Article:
The double-edged sword of connected cars and cybersecurity

15 March 2023


Connected technology can unlock new in-vehicle capabilities, such as over-the-air (OTA) updates and features on demand (FOD), as well as wider industry benefits. But these advances are accompanied by increasing cybersecurity threats. Autovista24 deputy editor Tom Geggus discusses this double-edged sword with Shira Sarid-Hausirer, vice president of marketing for Upstream Security.

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Show notes

Upstream Security’s 2023 global automotive cybersecurity report

What is an automotive OTA update?

What is FOD?

Decoding the risks and rewards of software-defined vehicles

What can the automotive industry learn from historic cybersecurity issues?


In its fifth annual report, Upstream, a provider of data-management and cybersecurity solutions, analysed the cybersecurity risks facing the automotive industry. Its team of researchers investigated 1,173 incidents dating back to 2010, while also monitoring hundreds of deep and dark web forums.

While advancing vehicle technology enables connected features, these developments also create new attack opportunities. Cybersecurity threats against the automotive industry are growing rapidly, putting the likes of carmakers, fleet operators and insurers at risk.

Broadly, smart mobility ecosystems are attracting a growing number of stakeholders. There is a notable interest in subscription services, mobility-as-a-service (MaaS) and third-party mobile applications. However, all these opportunities will require risk management to protect personal safety, sensitive data, and confidence in the systems themselves.

‘As with any other connectivity and pieces of software, it is very often a double-edged sword. With this connectivity there are new attack vectors that begin to emerge,’ said Sarid-Hausirer. ‘The automotive and smart mobility ecosystem is only in the last few years becoming more aware of the threats that are associated with these fantastic opportunities that open up to all the different stakeholders.’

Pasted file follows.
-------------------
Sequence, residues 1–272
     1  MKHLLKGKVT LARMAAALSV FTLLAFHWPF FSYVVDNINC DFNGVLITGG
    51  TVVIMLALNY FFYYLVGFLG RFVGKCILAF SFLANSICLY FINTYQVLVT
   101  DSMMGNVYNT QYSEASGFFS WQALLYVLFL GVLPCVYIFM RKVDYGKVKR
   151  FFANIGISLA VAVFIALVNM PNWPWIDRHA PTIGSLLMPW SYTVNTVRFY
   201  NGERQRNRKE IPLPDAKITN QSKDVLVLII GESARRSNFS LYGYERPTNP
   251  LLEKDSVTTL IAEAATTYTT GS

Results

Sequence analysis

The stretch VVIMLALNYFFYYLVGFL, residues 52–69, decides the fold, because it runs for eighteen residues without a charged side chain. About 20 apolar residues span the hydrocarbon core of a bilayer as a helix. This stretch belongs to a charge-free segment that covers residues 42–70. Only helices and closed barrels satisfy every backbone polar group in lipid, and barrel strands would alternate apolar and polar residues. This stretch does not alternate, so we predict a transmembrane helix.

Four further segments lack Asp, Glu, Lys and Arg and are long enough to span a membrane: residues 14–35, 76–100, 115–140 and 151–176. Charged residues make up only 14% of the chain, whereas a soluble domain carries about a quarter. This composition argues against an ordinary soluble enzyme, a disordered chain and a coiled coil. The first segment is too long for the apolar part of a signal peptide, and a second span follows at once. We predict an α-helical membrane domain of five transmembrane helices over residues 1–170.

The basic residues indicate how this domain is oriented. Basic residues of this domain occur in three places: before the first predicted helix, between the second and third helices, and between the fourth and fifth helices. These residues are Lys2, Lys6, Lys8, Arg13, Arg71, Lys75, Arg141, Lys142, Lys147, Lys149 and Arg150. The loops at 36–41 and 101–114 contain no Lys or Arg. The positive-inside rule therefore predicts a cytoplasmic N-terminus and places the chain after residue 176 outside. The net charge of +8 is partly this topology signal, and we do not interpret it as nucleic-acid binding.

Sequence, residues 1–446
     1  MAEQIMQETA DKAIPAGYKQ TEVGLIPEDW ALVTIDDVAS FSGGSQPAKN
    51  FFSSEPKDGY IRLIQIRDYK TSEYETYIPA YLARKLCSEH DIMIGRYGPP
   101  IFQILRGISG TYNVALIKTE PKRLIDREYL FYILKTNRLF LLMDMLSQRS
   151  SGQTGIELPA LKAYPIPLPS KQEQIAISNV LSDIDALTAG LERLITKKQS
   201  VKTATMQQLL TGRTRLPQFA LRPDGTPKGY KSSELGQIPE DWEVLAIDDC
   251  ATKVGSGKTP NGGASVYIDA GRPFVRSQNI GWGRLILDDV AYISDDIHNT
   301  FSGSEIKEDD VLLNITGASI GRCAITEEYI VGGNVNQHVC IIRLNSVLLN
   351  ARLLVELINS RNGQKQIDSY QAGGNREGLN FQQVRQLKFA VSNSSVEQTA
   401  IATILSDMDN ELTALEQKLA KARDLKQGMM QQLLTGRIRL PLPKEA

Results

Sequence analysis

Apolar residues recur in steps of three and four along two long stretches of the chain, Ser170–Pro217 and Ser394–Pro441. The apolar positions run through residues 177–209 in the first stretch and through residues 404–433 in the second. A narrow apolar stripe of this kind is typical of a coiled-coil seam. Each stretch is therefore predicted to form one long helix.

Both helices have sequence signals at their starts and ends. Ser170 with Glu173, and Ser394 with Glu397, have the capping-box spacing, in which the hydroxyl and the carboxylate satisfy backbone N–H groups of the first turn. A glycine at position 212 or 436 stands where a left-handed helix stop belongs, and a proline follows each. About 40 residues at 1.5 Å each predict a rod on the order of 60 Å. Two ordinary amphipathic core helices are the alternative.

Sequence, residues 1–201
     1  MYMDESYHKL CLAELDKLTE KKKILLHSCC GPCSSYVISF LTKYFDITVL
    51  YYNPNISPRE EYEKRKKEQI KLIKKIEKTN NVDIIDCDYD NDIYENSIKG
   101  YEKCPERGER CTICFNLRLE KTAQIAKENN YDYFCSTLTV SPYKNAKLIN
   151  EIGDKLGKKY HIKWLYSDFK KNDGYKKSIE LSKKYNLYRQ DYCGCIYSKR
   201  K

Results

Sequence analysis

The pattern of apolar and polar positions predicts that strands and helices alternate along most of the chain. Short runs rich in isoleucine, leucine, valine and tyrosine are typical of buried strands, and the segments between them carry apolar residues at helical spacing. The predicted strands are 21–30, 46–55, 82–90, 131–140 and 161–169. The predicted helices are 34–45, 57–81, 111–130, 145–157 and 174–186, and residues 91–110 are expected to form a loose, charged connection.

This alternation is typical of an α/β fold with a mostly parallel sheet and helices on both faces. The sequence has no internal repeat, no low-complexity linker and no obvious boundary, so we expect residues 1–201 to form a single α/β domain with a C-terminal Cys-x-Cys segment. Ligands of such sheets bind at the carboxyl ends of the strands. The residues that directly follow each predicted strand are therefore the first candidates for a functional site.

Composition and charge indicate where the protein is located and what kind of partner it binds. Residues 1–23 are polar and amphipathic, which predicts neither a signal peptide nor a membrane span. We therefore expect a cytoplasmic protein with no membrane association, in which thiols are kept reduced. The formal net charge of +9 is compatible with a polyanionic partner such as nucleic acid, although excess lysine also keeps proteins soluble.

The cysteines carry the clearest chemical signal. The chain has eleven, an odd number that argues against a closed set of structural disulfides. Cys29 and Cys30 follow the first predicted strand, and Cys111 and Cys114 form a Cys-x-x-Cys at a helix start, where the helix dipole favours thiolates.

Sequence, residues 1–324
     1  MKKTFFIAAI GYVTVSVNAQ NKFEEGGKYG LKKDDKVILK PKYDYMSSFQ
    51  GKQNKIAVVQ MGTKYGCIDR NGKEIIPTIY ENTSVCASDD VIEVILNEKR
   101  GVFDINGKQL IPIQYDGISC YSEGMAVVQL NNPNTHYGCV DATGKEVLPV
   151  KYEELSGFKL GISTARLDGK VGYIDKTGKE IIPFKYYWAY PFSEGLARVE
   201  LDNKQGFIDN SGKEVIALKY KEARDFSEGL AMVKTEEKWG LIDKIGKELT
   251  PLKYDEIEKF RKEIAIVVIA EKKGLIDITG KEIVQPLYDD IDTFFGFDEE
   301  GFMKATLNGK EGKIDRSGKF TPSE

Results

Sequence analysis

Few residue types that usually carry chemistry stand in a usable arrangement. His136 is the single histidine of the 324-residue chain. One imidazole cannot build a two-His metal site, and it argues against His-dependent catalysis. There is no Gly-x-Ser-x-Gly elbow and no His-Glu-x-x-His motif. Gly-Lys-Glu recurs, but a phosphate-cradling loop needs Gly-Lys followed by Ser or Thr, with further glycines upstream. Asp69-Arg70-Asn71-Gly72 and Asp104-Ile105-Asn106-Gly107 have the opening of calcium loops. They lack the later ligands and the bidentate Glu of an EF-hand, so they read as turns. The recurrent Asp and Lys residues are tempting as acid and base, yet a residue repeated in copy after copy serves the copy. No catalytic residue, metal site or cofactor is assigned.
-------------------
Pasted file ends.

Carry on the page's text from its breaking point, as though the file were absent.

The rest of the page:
New attack vectors

One emerging attack vector is electric-vehicle (EV) infrastructure. While fundamental to the success of EVs, charging points accounted for 4% of total incidents last year. Sarid-Hausirer highlighted numerous examples of infrastructure attacks. One sought to make a geo-political statement, while other incidents had more disruptive motivations.

Elsewhere, application programming interfaces (APIs) enable communication between different pieces of software. While creating potential revenue streams for businesses across the automotive sector, these intermediaries can also introduce vulnerabilities. Upstream found that in 2022, the number of API attacks increased by 380% year on year, making up 12% of total incidents.

Attacks against connected automotive systems like these can be carried out by a range of different individuals or groups, often referred to as ‘hats’. While white hats look to help plug cybersecurity gaps, black hats might work to exploit vulnerabilities. Grey hats can exist between the two former categories. There are also owner hackers, who look to unlock features within their own vehicles.

Car companies have implemented various regulations and standards such as WP.29 R155 and ISO/SAE 21434. However, Upstream highlights that both simply emphasise the need for a high standard of cybersecurity analysis, without outlining specific solutions and processes. In the immediate term, automotive companies must try to wield the double-edged sword of connectivity and cybersecurity.